Friend pushes to get Cedar Rapids WWII vet a Purple Heart
CEDAR RAPIDS, Iowa (KCRG) - 99-year-old veteran Mike Bisek was injured in World War II, but he never received a Purple Heart. His friend Richard Pohorsky is working to change that.
Bisek was an aerial photographer, on board during a mission to bomb a target in Germany. His plane was shot at and went down in occupied France. There, Free French hid him, along with ten others, for about five weeks.
His time in France is documented in a book Eleven Americans Came from the Sky, written by a French man who remembered the Americans’ stay. In it, Bisek said, is the story of how he was injured by friendly fire.
1944 BACK TO AMERICA
In liberated Grenoble, our airmen also celebrate such a Victory.
In Philis de la Charce street, Ken and Mike, with other airmen, meet on a terrace outside a pub.
A last minute partisan is there too, showing around a German pistol proudly. He manipulates the gun, pulls back the breechblock. A shot is heard. The bullet drills through Ken’s thigh, then Mike’s...and they both go to hospital.
Bisek remembered a few more details. He said of the pilot, “He wanted to take a gun home, a Luger, a German Luger gun.”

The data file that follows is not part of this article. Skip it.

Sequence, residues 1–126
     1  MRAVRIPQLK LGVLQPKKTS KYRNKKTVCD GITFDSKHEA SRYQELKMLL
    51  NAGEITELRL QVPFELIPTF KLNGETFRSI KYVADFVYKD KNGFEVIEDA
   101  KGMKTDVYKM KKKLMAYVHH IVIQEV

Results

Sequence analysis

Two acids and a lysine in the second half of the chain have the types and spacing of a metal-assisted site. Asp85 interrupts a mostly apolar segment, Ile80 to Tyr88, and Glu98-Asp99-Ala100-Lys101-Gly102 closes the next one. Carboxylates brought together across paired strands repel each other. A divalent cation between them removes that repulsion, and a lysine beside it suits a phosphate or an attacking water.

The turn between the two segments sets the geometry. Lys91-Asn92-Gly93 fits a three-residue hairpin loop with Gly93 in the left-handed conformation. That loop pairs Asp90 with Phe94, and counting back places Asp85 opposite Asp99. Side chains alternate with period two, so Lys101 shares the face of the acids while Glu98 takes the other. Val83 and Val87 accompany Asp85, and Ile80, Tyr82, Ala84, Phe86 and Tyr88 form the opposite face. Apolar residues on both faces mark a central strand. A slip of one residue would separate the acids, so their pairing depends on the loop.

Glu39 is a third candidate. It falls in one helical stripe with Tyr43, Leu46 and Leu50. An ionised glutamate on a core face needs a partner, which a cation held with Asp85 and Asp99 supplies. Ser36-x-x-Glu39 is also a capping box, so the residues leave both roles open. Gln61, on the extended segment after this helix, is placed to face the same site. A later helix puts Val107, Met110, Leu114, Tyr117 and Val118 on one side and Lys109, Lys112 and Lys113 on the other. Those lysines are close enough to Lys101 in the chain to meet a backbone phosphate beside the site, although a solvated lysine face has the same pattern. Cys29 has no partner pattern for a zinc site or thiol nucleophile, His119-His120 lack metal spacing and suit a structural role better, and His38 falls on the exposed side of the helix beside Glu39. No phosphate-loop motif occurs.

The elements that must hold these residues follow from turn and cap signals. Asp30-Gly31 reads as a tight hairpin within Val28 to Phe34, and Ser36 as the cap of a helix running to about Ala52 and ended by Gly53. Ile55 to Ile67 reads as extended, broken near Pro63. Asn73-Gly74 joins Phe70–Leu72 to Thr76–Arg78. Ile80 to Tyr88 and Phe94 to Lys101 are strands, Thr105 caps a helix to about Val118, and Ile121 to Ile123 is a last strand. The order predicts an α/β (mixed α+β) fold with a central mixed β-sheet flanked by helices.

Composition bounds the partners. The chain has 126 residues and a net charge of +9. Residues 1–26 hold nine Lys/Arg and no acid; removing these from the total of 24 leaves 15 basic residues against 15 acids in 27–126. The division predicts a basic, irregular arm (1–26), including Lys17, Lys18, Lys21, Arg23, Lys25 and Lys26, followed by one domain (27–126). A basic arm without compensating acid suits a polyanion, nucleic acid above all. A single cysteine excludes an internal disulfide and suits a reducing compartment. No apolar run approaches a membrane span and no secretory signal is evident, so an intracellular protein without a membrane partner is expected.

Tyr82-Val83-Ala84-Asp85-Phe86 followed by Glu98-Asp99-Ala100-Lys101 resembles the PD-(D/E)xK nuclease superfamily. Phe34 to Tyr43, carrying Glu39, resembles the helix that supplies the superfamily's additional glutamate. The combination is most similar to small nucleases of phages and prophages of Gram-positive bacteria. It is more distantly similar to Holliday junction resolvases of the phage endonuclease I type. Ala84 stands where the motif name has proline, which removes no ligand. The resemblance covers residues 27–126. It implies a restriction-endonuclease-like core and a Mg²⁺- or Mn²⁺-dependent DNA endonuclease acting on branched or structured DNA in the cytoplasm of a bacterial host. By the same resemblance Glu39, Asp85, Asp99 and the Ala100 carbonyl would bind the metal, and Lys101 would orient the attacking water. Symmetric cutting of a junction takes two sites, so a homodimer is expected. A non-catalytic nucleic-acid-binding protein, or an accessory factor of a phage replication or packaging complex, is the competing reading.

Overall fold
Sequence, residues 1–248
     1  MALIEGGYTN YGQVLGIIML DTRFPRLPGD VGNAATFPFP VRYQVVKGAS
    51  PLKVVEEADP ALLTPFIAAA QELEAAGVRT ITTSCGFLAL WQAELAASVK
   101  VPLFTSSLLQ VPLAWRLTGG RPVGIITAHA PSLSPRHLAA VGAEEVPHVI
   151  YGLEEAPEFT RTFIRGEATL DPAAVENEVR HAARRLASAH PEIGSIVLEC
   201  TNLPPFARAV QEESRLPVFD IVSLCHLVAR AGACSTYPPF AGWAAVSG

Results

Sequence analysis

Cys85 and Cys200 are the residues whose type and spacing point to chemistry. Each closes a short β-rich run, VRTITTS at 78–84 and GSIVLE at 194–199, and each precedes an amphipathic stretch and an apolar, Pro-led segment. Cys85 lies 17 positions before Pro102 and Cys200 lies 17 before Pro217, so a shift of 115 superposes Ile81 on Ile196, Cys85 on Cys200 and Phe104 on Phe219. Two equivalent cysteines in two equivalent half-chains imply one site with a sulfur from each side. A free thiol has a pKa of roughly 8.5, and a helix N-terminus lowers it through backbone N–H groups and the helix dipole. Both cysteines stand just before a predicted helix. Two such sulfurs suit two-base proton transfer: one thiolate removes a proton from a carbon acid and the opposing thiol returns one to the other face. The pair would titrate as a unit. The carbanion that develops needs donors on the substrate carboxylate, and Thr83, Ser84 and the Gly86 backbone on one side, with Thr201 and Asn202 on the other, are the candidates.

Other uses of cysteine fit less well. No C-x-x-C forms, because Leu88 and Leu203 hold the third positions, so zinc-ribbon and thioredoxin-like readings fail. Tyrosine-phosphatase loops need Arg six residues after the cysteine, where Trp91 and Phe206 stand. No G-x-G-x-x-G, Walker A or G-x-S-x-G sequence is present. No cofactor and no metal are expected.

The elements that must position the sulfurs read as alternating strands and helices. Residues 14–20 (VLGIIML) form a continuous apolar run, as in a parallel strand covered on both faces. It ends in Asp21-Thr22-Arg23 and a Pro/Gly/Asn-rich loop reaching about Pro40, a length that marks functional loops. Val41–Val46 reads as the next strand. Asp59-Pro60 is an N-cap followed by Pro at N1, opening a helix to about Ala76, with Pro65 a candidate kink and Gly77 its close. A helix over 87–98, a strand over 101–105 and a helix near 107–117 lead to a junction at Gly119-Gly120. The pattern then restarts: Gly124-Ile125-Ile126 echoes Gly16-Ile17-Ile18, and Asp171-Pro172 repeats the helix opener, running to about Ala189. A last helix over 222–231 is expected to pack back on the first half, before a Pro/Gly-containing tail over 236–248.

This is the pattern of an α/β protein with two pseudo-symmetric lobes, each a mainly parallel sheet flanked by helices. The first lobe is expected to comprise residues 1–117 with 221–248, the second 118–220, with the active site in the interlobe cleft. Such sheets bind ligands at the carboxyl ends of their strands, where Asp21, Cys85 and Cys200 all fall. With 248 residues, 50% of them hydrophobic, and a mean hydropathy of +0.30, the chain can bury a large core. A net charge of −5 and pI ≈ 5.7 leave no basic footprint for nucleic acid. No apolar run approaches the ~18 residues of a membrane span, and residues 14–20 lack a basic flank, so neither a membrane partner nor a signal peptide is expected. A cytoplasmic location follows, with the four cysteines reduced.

He added, “He traded his flying suit to one of these here Free French that had taken stuff from the German prisoners. He had a couple of Lugers and hand grenades and all. And so the pilot said, ‘I’ll trade you my thing for the gun.’ And the guy had the gun on the other side of him and he pulled the trigger.”
Bisek’s discharge papers declare “Wounds Received in Action: None.”
Bisek tried to have his discharge papers changed, but was unsuccessful.
“Boy, if I’m telling people that I was in the army, and I spent time in the hospital, I was shot during the war and all, and then it says “no” on there—well, that isn’t right, you know,” said Bisek.
Bisek and Richard Pohorsky knew each other growing up in Cedar Rapids, and reconnected in adulthood, well after the war. Then Pohorsky heard more of Bisek’s story and thought he deserved to have a Purple Heart.
“I think he was wounded. He shed blood for his country in a declared combat zone. And I think he’s more than deserving of a Purple Heart,” said Pohorsky.
He added that this year he has sent letters to Senators Ernst and Grassley, as well as Representative Hinson.
As for Bisek, he is not the one behind the efforts to get a Purple Heart, but he does want the recognition that he was injured. “Personally I don’t care. You know, in fact, I’m ready to let it go already and everything, but it ain’t right,” added Bisek.
Bisek is concerned with the past, which includes the war, but everything else as well. “The Lord’s been good to me and I’ve had a good life, and I am happy about it.”
Representatives from Grassley and Hinson’s offices said the lawmakers would “leave no stone unturned” in trying to help veterans but that, ultimately, the rules of who is eligible for a Purple Heart is up to the U.S. military.
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